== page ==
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  • Glenn Siegel

Sharing Pain and Beauty: Stephan Crump’s Rhombal at the Shea Theater

The problem with the canon handed down from the academies and the critics, writes Addison Gayle, Jr. in The Black Aesthetic, is that “it aims to evaluate the work of art in terms of its beauty and not in terms of the transformation from ugliness to beauty that the work of art demands from its audience.”

Gayle is referring to the ugliness of slavery and the systemic exploitation of Africans in America. But the trauma can also be personal. Stephan Crump turned the illness and death of his brother, Patrick, three years ago into a book of music that transformed his pain into fully-realized beauty. The bassist, composer and Amherst College graduate (’94) shared the music with a rapt Pioneer Valley Jazz Shares audience at the Shea Theater on Saturday, October 7.

The concert followed the contour of his eponymous 2016 recording, Stephan Crump’s Rhombal, (Papillion Sounds). The quartet: Adam O’Farrill, trumpet, Ellery Eskelin, tenor saxophone and Kassa Overall, drums, were well-oiled, having logged dozens of performances in the last year, including at the Greenwich House in New York the night before coming to Turners Falls.

What a treat to hear Kassa Overall live for the first time. As you’d expect from a long-time member of Geri Allen’s trio, Overall was precise, but never stiff or too loud. The drum duties with Rhombal rotate. Tyshawn Sorey is on the record, but Crump has used Eric McPherson, Richie Barshay and Ben Perowsky, among others. Overall, who splits time between hip-hop, rock and jazz worlds, had no problems negotiating the piece’s quirky rhythmic turns, while adding texture to multiple moods and tempos.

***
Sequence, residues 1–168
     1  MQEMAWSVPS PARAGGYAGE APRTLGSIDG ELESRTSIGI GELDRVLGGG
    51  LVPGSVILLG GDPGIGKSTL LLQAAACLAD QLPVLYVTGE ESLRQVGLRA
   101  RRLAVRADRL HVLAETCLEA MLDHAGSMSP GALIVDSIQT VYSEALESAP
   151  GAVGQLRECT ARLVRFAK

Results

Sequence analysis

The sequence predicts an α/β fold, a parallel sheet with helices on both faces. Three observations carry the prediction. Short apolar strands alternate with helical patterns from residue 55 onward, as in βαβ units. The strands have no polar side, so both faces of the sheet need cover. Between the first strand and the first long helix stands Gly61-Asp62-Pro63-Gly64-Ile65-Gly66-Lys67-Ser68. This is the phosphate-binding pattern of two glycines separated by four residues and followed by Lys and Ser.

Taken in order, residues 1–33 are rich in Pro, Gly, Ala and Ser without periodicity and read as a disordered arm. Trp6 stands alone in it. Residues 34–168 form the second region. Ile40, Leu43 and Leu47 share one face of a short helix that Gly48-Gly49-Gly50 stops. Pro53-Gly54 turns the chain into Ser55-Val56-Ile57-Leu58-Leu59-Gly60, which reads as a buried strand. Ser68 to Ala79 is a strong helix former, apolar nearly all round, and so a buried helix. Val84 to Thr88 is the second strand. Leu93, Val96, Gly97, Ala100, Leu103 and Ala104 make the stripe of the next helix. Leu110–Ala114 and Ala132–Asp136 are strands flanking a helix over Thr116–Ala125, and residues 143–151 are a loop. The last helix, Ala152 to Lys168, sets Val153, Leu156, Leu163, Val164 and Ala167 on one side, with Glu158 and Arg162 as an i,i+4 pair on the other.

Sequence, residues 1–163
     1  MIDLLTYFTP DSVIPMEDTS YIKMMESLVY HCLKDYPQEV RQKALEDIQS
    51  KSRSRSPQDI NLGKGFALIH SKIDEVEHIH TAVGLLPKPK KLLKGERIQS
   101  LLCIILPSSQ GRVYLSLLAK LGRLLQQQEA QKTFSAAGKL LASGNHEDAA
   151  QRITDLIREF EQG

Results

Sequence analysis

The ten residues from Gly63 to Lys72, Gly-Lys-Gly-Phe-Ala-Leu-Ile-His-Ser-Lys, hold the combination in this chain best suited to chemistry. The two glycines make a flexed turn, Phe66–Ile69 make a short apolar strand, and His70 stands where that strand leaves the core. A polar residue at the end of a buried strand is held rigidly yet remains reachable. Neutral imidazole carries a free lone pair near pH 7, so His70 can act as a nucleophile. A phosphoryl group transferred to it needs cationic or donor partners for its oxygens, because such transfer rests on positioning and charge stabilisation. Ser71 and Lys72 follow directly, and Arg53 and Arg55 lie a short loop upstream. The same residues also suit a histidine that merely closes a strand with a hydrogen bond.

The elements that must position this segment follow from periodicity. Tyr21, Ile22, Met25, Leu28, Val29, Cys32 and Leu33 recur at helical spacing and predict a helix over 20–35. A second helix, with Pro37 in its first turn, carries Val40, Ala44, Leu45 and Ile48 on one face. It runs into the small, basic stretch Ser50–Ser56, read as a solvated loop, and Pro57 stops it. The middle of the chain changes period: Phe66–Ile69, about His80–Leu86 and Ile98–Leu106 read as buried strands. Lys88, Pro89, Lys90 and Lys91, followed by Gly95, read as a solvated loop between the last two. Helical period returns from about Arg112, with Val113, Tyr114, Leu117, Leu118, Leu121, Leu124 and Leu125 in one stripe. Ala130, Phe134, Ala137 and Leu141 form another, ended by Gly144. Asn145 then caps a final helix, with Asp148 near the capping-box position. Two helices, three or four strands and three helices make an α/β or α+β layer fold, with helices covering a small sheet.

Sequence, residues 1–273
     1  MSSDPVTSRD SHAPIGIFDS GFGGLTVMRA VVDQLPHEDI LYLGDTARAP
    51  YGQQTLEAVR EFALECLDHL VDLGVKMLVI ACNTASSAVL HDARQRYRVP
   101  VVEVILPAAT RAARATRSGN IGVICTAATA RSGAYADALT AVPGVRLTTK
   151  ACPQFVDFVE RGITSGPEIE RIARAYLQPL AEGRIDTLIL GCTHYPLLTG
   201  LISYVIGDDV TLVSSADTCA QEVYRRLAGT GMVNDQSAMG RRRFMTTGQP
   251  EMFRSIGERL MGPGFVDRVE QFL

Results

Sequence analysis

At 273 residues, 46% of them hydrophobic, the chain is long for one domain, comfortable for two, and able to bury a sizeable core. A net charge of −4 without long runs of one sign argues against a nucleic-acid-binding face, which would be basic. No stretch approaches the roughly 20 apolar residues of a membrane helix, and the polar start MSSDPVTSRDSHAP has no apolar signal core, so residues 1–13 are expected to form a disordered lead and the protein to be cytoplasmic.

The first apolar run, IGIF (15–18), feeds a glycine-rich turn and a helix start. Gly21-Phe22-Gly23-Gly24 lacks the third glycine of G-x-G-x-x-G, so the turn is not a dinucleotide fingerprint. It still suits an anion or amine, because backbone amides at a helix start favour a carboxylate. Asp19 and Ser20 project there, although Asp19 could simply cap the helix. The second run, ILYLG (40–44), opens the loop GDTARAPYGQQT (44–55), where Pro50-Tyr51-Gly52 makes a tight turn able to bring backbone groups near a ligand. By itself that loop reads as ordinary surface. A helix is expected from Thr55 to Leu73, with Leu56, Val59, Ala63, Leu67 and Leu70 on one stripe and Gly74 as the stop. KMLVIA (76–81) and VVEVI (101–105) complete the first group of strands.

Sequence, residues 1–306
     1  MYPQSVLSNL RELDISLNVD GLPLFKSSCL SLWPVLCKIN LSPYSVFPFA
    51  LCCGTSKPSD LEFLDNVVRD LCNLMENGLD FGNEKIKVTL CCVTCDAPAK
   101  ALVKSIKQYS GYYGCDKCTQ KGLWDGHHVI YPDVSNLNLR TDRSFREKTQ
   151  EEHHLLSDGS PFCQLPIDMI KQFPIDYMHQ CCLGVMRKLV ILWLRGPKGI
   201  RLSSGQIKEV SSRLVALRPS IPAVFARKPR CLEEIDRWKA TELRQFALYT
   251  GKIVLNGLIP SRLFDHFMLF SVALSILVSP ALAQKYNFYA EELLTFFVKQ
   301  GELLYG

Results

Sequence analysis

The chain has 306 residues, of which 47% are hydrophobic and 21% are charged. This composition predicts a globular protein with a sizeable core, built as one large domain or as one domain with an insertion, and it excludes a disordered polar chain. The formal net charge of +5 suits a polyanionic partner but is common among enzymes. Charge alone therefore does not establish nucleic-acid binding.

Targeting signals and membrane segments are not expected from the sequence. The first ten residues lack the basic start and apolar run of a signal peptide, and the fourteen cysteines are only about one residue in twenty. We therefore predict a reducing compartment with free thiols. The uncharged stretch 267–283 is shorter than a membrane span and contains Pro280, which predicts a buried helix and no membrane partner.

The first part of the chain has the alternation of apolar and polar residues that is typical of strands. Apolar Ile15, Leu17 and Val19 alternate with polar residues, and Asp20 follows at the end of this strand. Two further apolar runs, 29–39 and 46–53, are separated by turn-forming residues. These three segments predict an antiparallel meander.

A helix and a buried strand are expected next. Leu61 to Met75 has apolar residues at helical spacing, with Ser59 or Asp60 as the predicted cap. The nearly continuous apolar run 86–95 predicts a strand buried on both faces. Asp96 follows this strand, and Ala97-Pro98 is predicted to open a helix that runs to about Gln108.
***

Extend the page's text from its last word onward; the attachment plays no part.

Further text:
What a stroke of genius to pair Ellery Eskelin and Adam O’Farrill, who had never played together before this project. Actually, Crump had not played with Eskelin and had only met O’Farrill when the young trumpeter was a student at the Banff Centre for Jazz and Creativity. “When they were warming up before our first rehearsal,” recalled Crump, “their sound together was amazing. They push each other, feed off each other.” Throughout the evening, the horns interwove, not only playing heads together, but conversing, soloing simultaneously.

The writing was magnificent, much of it at slow to mid-tempo. But slow does not mean simple. I had the feeling of looking through a microscope, amazed at the space that exists between things. The clear, declamatory melodies, the tart harmonies and expressive solo statements were all easily examined and appreciated.

The uptempo tunes, like “Skippaningam”, were quite welcome. Composed after dropping his two young sons off at school, the piece was a bundle of skittering energy juxtaposed with a distracted section that seemed to just wander off. Crump also shared the creation story for “Atanarjuat: The Fast Runner”, which was inspired by Zacharias Kunuk’s 2001 film of the same name. Crump translated the image of the title character running naked over Artic ice into a tight flight at rapid speed. It was one of two pieces not on the recording.

Crump’s expressions were as distinctive as his compositions. Were they smiles or grimaces? Release or concentration? He moved with his instrument, strummed with flourish and at one point, rubbed his bass suggestively. He was an engaging host, generous with his spirit. Crump seemed genuinely pleased with the attentive and responsive audience, and told us we completed the connection between music and performer. When the last pieces ended, the elegiac Pulling Pillars and the ebullient Outro for Patty, there was hushed silence. Perhaps the 10 seconds that elapsed before applause erupted was prayerful respect. In any case, we were blessed to partake in the transformative power of art.

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